Cruise ships and group tours have been banned from visiting Cuba, per new regulations from the Trump Administration (although some tour operators, like Apple Leisure Group, fall under a category that still permits their groups to visit). Nonetheless, as a result, an estimated 800,000 cruise passenger bookings will be affected, according to Cruise Lines International Association (CLIA).
Stan Sandberg, co-founder of TravelInsurance.com shared helpful information about travel insurance for travelers and cruisers whose plans are affected by the travel ban.
Unfortunately, travelers who purchased a travel insurance policy—even before the travel ban was put into effect—may be not covered if they want to cancel because their cruise is no longer able to travel to Cuba," he said. "Travel insurance does not cover cancellation due to an itinerary change by the cruise line.
Travel insurance would provide coverage, however, if the traveler had purchased a Cancel For Any Reason (CFAR) upgrade, which allows the insured to cancel their trip for any reason. CFAR is typically only available as an option at the time the policy is purchased and requires the traveler to insure 100 percent of their pre-paid, non-refundable trip costs. And, importantly, the traveler must purchases the policy within a set number of days (usually seven to 21 days) of their initial trip payment date. With CFAR, either 50 or 75 percent of the trip costs will be reimbursed, depending on the plan selected.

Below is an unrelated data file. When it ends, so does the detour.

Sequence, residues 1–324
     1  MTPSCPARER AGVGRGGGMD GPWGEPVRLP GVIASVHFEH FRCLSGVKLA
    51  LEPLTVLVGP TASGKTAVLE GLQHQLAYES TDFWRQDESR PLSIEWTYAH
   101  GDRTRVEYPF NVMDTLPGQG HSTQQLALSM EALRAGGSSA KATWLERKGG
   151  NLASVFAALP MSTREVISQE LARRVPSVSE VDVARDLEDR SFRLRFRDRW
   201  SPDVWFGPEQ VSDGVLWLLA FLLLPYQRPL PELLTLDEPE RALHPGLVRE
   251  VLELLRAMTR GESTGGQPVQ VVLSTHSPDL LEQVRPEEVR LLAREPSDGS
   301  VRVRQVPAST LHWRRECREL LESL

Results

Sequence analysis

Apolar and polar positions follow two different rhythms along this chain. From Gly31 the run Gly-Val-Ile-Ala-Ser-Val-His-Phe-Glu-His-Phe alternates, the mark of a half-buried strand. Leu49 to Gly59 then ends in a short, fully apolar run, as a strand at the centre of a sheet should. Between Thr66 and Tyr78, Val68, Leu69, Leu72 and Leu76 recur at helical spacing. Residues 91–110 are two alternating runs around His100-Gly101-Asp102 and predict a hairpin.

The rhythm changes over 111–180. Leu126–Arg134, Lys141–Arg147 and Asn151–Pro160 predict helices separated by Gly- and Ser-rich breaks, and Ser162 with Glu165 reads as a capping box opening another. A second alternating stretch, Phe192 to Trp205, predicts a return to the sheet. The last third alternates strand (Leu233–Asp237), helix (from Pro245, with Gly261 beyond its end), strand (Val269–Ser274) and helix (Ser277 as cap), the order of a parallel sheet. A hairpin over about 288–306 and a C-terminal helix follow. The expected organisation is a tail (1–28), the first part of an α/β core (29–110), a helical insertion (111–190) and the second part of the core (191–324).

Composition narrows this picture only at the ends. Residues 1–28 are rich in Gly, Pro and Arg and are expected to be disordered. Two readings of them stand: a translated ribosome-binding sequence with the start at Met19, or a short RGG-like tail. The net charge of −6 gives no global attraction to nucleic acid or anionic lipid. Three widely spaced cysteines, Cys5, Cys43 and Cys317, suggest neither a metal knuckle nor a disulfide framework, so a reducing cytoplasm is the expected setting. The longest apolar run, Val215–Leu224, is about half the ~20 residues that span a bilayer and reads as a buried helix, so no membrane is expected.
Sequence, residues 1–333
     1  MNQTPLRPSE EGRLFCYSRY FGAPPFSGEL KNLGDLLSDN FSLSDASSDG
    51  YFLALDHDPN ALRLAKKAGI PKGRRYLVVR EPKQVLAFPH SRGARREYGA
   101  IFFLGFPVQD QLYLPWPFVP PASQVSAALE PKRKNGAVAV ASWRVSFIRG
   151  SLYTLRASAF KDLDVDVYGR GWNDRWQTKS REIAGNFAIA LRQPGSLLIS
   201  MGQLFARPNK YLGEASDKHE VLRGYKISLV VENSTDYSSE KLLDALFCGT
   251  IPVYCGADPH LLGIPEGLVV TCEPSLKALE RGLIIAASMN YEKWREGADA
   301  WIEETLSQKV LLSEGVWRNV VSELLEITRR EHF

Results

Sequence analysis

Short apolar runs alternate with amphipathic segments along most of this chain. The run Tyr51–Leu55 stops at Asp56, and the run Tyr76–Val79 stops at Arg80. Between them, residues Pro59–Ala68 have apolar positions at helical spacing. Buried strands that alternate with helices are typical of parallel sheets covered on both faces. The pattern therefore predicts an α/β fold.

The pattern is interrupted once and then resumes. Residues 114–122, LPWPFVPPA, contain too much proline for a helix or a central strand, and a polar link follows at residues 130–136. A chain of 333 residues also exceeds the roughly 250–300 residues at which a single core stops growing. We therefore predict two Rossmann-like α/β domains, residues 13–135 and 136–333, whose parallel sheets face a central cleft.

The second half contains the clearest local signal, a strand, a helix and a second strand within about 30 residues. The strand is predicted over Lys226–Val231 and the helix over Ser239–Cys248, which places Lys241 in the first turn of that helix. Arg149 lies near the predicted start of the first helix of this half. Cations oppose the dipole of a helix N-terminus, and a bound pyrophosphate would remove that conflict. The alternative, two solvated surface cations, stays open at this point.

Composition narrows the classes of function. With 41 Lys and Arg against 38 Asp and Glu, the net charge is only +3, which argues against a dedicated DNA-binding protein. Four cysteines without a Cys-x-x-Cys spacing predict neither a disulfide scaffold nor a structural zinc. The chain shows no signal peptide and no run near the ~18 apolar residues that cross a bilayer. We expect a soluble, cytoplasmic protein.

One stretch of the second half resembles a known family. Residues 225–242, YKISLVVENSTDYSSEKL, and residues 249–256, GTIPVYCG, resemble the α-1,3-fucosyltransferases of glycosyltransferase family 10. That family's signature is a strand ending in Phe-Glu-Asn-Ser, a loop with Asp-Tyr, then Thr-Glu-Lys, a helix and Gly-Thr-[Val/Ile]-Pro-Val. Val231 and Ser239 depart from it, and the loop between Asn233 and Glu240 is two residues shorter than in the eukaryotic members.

Typically, a comprehensive travel insurance plan will range from 4 to 8 percent of the total trip costs. For more information, visit TravelInsurance.com.